You can save a lot of money if you get a tighter grip on what’s cooking. Here's my trick to saving dough on my grocery bills. $895.90. I stared at the number in disbelief. How could anyone spend so much money on groceries just for two people? Yet that’s exactly what my husband and I spent back in August 2015.

I knew that we had to figure out a way to lower our grocery budget. Since then, I’ve experimented with a lot of tactics and methods. I tried everything from driving around to 10 different stores to baking my own bread in order to save every dime.

I weeded out the techniques that didn’t work and kept the ones that were quick and simple, but still saved a lot of money. Now I’ve got a pretty good system down, and it’s second-nature to me.

My system only takes 15 minutes each week to plan out, but it has big rewards.

We went from spending $895.90 all the way down to $374.03. We’ve more than cut our grocery bill in half after getting my system in place. Here’s how my system works.

This App Makes Managing Your Finances Easy — Start Budgeting Today >>

Create a Recipe Bank

You can’t cook things if you don’t know what to cook. When I started developing this system, I spent about an hour looking around Pinterest for cheap, quick recipes. Damn Delicious, 5 Dollar Dinners, and Pinch of Yum are three of my favorite recipe bloggers on the site.

I only save recipes that are quick and easy and have an ingredient list that isn't a mile long or overly expensive.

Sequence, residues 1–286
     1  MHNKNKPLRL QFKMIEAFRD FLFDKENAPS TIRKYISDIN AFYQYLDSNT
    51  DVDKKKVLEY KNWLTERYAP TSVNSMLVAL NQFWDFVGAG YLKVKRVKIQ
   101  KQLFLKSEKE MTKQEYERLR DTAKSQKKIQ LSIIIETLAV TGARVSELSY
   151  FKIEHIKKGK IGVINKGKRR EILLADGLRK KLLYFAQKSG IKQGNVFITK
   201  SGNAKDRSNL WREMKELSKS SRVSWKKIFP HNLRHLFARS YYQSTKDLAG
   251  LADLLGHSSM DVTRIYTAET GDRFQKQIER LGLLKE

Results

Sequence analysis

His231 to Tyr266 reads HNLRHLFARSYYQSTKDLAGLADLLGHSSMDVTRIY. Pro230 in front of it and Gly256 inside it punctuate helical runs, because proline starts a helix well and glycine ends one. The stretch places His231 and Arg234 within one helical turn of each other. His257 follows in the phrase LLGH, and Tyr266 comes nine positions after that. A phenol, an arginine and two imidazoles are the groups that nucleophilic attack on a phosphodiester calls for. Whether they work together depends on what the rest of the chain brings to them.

I collect all of my recipes into an Evernote notebook. They have a browser extension and a cell phone app, so no matter where I am, I can save a recipe. You can also use Pinterest itself to collect recipes, binders, or even old-school recipe boxes.

Get Food, Drinks, and Groceries — Anytime, Anywhere >>

What’s on Sale?

Now that I’ve got a list of dishes that I can prepare, it’s time to see how much I can save. I head over to my local grocery store’s website to view the weekly circular.

I don’t waste time with checking multiple circulars. You can probably save even more money by doing that, but I don’t have all day to drive around shopping, so I just stick to one store.

The goal is to match up your recipes with what’s on sale and what you have coupons for. The more sales and coupons I have for a particular recipe, the more likely it will be to go on our menu.

Make a Meal Plan

I don’t have time to go to the grocery store more than once a week, so I use the list of potential recipes from the first two steps to plan out my meals for the week. That way, I can get everything I need in one stop at the grocery store.

Perishable items like fish and beef get eaten in the first half of the week. More shelf-stable foods like pasta and pre-frozen meals are served later in the week.

I always make sure to cook enough to feed four people, even though it’s just me and my husband. That way, we have enough leftovers to have for lunch the next day, eliminating the need for costly takeout.

Get Food, Drinks, and Groceries — Anytime, Anywhere >>

Follow Your Shopping List

Making a shopping list helps out in many, many ways. You save time because you’re not aimlessly wandering the aisles. You save money because you’re not guessing what you’ll need and buying random things that you think you might need, or grabbing expensive frozen meals.

It’s also less stressful because you spend less time fighting crowds, and you don’t have to go back to the store midweek because you forgot a teaspoon of an important ingredient.

To make my shopping list, I just pull up all the recipes that I’ve selected and quickly go through them. After you get in the habit of cooking at home, you usually have a pretty good idea of what you have lying around.

This is just our system that works for us. Experiment with different techniques to see what works best for you. By cutting our grocery budget in half, we have hundreds of extra dollars per month that we can use to pay off debt and add to our savings. Try it for a month, and the taste will stay with you for a long time.